This article was produced and financed by University of Bergen

Erlend Lavik's video essay about The Wire has become a viral sensation. (Photo: HBO)

The Wire: a visual novel

The visual style of The Wire emphasises the political messages and the plot and dialogue. A video essay about this American TV series has reached a much wider audience than a traditional essay in an academic journal.

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University of Bergen

The University of Bergen is located in Bergen, Norway. Six faculties cover most of the traditional university disciplines. Within the faculties are included 60 different specialised departments, centres and institutes.

The American television series The Wire has long been a darling of academics worldwide, and has been on the curriculum in courses in disciplines as diverse as sociology, literature, and law studies.

So far, however, very few have analysed the visual aesthetics of the series, according to Erlend Lavik.

Lavik is a postdoctoral fellow at the Department of Information Science and Media Studies at the University of Bergen (UiB). In early April he posted a video essay about the series on the video sharing site Vimeo. It has had close to half a million hits and some 60,000 people have so far viewed the entire video.

"The response has been overwhelming. It’s almost become a full-time job just to respond to inquiries," Lavik laughs.

Erlend Lavik wanted his academic work to reach out to a broader audience, so he created a video essay about his work on the visual aesthetics of the cult Tv series The Wire. (Photo: Zulfikar Fahmy/UiB)

In his essay, Lavik portrays the series’ visual aesthetics as simple, subtle, and documentary, with a minimum of flashbacks, slow motion, and «dream sequences».

"The visual style has been slightly neglected when discussing the series. Some have dismissed the series’ aesthetics as irrelevant. And yes, the style is sparse and the series creators tried to avoid a more self-conscious, cinematic look," Lavik admits.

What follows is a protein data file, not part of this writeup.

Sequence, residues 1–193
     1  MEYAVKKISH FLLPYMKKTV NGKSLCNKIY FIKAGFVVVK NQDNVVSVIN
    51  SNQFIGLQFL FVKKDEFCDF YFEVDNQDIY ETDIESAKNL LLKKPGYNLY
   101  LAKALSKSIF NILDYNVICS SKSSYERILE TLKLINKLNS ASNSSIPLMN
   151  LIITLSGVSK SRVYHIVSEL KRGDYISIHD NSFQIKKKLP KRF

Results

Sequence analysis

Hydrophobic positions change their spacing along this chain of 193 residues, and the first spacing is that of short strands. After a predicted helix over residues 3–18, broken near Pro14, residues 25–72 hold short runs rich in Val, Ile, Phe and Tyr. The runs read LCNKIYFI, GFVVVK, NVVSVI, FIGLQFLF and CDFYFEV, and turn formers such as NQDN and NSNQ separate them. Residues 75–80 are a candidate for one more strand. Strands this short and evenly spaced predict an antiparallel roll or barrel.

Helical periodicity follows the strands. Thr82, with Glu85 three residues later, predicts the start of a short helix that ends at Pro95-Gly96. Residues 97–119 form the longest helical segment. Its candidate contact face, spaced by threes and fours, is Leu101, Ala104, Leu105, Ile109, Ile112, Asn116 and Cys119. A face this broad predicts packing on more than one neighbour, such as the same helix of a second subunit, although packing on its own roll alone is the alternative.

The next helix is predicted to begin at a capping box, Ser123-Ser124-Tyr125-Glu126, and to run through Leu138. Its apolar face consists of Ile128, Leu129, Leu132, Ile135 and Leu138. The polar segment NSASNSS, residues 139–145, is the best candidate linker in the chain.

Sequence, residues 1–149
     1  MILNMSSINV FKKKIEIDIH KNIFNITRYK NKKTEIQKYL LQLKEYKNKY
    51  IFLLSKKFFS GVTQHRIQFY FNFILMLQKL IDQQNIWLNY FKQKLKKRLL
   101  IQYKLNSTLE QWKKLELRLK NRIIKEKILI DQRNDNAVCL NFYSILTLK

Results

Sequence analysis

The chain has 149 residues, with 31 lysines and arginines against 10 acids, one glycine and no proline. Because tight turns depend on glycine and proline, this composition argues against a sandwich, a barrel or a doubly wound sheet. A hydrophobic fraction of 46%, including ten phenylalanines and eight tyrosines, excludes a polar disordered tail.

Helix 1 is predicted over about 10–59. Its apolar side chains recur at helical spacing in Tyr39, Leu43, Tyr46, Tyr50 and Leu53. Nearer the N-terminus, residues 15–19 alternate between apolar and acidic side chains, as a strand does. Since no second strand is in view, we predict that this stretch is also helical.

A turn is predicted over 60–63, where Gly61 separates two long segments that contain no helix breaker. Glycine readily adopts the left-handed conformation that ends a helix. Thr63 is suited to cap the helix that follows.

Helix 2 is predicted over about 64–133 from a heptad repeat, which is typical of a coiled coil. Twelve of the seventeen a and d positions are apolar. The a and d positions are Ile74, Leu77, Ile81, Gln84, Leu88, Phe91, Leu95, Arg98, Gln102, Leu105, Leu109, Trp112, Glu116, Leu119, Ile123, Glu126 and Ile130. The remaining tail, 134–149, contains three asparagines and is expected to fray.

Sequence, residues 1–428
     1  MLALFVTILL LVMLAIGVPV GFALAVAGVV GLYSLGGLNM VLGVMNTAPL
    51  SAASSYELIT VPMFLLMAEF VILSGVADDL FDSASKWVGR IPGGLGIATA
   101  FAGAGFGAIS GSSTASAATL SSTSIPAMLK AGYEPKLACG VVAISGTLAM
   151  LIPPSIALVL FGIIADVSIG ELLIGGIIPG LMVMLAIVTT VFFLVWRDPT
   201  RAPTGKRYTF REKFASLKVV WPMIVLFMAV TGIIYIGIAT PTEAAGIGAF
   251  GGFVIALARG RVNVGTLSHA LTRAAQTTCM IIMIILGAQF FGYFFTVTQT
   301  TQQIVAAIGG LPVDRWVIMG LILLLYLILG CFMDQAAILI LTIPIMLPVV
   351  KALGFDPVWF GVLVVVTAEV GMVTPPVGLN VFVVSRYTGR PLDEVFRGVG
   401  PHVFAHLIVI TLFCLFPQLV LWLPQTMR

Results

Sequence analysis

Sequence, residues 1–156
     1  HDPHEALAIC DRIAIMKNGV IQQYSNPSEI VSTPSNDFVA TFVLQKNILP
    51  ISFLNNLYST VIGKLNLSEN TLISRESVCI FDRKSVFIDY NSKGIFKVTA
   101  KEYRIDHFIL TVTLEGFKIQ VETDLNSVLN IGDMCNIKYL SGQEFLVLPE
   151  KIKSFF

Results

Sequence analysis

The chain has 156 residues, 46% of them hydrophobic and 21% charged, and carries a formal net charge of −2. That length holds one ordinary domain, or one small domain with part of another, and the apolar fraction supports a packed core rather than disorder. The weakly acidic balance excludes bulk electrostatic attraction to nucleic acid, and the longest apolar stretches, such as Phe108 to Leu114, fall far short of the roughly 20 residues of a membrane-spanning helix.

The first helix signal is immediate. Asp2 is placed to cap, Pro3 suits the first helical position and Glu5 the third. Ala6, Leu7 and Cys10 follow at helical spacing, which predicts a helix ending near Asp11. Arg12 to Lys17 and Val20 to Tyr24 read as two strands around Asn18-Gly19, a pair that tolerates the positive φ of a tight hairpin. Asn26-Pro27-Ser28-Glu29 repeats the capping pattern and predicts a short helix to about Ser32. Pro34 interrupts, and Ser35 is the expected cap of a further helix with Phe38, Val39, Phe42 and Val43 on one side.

"But in the video essay, I explore how this mix of traditional cinematic techniques and a more documentary style come together."

Pointing out the political edge

Why do you think the visual aesthetics in The Wire have received scant attention from academics?

"In part because the series has an aesthetic style that doesn’t appeal to the refined taste of many film scholars. Also, the series’ obvious sales point is its political edge," says Lavik.

"The politics of The Wire fly in your face. And I do agree that this is the series’ strong point."

That said, Lavik believes that the visual style underlines the political edge and highlights what draws most viewers to the series – the characters, the plot, and the dialogue.

"The style is unflashy, discreet, and has no obvious autonomous value. With no dominant visual style upfront, the series puts issues other than pure aesthetics at its centre," he points out.

Lavik has previously written two academic articles about The Wire. In the first, he dealt with the series’ intertextuality and how the series refers to other popcultural phenomena, such as the Western genre. In the second, he discussed how the series draws on the «unfashionable», such as using the 4:3 format and the presentation of the series as a visual novel.

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